Wednesday, January 14, 2015

January Secret Agent #13

TITLE: When Disaster Strikes
GENRE: NA Contemporary Romance

Out of all the things parents could force you into—stealing, murdering, eating liver—going on a cruise wasn’t really one of the worst. I tried to remind myself of that as I sat in our Costa Concordia stateroom, fisting the bedcovers in my fingers.

I could see the shadows that were my parents rushing around the large room, opening drawers, closing them. From what I had gathered from my parents’ reaction and my own minimal vision, the ocean view room was quite a sight. Besides the two beds, there was also a couch, coffee table, dresser and TV.

A weight settled beside me on the bed and I heard the zipper of the suitcase as my dad pulled it open. Yes, even blind I knew it was my dad.

If there’s one misconception about being legally blind, it’s that you can’t see anything. Though I can’t make out features or details at all, I can usually see shadows in the general shapes of things. Plus, you kind of get to know your parents’ presence after awhile. My nonna calls it a sixth sense—the way my other senses are supposedly heightened because of my blindness.

I don’t know if she’s right, though. Which is sad, really. Because it means after two years of being blind I can no longer remember what it feels like not to be.

“Did you bring my blue dress shirt?” my dad called to my mom.

“Yes, it’s in the other suitcase.”


  1. Wow! Costa Concordia, especially with a blind MC. Right from the first three paragraphs, I expect tension and danger. I also love the detail of using "nonna."

    I don't think you need the italics in the first sentence, especially since it makes me think the MC actually hates being there, but it isn't touched on again. I do wonder about "my own minimal vision" and "quite a sight," I feel like the MC appreciates the view, so I'm not sure how that fits together. Would it be possible to show what she sees? Or if it doesn't fit here, then maybe it comes later. Anyway, best of luck with this!


  2. I like the irony straightaway - gorgeous views and an opulent room on the cruise ship that the unfortunately blind MC cannot appreciate. Also, the mere mention of the ship’s name does make me expect tension and danger as Laura Rueckert’s critique states. For most of us who know what happened to the ship in real life, the MC’s blindness in this situation is already a problem. It's fiction firmly rooted in fact, as it puts us in the days leading up to the disaster on a real cruise ship; it makes it easy to “suspend disbelief” and go for the ride (no pun intended.) Lots of internalization is justified as it makes us feel, along with the MC, that life is passing us by because of her handicap. It’s really sad when we find out, she wasn’t born blind and has had to adapt to her handicap. Just a suggestion, “fisting” has a sexual connotation and is largely used in that context. Perhaps change it to palming the bedcovers (if she is merely observing) or maybe gripping it (if she is meant to be frustrated to be there.) Thank you for sharing! The writing is beautiful and I’d read more.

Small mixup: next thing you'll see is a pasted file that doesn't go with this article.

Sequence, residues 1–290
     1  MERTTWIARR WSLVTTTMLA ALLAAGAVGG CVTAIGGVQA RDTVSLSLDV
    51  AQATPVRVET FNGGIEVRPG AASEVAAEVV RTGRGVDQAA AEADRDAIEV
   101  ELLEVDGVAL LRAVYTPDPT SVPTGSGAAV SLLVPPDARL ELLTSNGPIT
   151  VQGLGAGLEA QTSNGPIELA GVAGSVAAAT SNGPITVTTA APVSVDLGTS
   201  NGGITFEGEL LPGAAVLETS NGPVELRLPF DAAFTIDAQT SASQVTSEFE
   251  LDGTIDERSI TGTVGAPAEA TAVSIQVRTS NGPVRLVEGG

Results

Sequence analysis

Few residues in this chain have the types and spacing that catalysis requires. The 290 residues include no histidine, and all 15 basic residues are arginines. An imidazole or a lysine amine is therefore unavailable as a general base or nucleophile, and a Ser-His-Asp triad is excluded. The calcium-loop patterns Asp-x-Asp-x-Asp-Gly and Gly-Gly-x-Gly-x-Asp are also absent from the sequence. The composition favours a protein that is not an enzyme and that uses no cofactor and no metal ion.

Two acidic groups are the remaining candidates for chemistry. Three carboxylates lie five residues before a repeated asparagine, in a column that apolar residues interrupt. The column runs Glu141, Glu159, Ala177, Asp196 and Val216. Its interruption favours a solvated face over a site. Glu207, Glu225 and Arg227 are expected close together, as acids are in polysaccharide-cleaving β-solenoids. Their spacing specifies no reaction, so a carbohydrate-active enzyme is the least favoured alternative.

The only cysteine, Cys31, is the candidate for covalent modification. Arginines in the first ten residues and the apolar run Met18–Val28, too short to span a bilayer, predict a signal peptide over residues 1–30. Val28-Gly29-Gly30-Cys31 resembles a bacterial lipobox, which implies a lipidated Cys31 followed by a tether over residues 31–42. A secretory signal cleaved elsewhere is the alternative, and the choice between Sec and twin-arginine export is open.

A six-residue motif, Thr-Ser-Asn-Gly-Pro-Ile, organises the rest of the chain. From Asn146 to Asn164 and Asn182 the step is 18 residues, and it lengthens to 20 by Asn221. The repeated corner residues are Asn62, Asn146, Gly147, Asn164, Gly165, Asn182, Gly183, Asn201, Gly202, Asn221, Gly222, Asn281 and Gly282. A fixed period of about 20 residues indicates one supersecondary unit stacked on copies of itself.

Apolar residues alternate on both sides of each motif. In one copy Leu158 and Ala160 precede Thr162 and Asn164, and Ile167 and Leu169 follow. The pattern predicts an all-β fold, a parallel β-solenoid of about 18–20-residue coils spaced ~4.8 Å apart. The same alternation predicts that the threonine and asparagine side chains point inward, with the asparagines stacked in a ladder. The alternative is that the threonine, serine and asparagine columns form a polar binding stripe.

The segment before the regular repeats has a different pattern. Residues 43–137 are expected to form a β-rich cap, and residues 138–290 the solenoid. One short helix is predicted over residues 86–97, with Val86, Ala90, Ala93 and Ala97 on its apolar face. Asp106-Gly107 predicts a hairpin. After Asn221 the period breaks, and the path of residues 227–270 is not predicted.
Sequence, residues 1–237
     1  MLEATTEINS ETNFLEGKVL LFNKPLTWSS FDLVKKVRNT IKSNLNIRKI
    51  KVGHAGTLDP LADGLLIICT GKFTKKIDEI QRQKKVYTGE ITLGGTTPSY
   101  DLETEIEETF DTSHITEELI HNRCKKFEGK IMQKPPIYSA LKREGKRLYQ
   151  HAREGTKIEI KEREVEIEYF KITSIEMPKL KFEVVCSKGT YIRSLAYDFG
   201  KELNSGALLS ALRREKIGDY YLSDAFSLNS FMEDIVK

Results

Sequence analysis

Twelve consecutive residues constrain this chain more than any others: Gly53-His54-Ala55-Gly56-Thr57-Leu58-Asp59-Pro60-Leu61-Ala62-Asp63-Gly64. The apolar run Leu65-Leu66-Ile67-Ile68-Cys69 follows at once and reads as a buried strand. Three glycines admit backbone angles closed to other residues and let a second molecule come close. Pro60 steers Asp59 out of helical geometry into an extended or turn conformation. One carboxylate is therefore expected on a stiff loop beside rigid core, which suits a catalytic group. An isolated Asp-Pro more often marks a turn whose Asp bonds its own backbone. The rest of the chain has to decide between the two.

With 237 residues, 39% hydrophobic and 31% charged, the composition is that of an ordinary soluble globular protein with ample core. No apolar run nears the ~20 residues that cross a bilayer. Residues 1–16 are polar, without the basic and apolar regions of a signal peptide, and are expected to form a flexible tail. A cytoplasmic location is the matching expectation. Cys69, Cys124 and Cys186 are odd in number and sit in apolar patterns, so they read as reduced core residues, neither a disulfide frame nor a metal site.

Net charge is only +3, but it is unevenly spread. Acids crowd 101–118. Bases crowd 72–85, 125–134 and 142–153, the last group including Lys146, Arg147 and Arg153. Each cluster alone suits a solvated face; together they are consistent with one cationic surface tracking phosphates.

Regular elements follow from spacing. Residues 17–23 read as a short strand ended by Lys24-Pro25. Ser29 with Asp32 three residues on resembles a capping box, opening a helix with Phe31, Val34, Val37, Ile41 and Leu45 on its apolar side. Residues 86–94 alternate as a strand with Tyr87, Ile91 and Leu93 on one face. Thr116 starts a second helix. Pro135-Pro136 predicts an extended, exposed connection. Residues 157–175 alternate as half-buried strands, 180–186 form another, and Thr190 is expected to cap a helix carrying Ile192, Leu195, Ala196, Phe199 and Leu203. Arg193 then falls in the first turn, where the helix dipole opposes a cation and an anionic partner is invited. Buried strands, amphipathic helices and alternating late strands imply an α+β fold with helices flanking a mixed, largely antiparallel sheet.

3. Your opening paragraph made me laugh! I'm legally blind--correctable--but still, I experience the shadows briefly every day. So I am really engaged, and want to read about this character. And yes, there's plenty to see. You simply can't function independently in the blind state. Basic things are hard to do--but those helper senses! You can hold a glass under the tap, and hear when it's nearly full. I hope this gets lots of agent love! For what it's worth, every time I read fisting or fisted, no matter who writes it, I hate it. That's my only complaint. Best wishes!

  4. Can I just tell you how much I loved your opening line? Probably because I sympathize with the whole parents making you eat liver concept. Worst thing ever.
    When your MC first mentioned shadows I originally thought maybe the walls were partitions but then we see that your MC was blind. I loved it! Your writing paints the perfect picture of what's happening. I'd be interested in knowing how her cruise turns out. Break a leg!!

  5. I think the setting - a cruise ship - is a wonderful for setting for romance. So much could possibly happen.

    "Couch, coffee table, dresser and TV" isn't "Quite a sight". It's typical. What makes the room spectacular? A TV the size of a small elephant? She could run her hand from one end to the other. Add more sensory detail to show how her 6th sense takes over, because that's REALLY interesting. Don't just have her sit on the bed. Have her explore her world.

    I think you might mean "fingering", not "fisting".

    "I could see the shadows that were my parents rushing around the large room, opening drawers, closing them". At first read the verb "rushing" made me think this might be a thriller - people packing in a hurry to escape. But then I realized they were actually unpacking.

    There's a little bit too much backstory about being blind and not enough driving the story forward. Readers aren't as interested in her dad's blue shirt as they are in what this character wants or fears or dreads.

    Good luck! Lots of potential here.

  6. Starting out with parents in the first line makes me think YA not NA, since NA is often distancing oneself from parents and being (or trying to be) an independent adult. Further on as we learn it’s a family vacation on a cruise ship, this helps explain the presence of parents more. But for this to truly be a New Adult romance, the parents are going to need to play a minimal role. We need to see the MC being a new adult, as well as making sure the romance is the driving force of the story (which is too hard to tell from the sample alone). You’ve definitely picked an interesting setting and intrigued us with the twist that the heroine is blind, with danger looming on the horizon.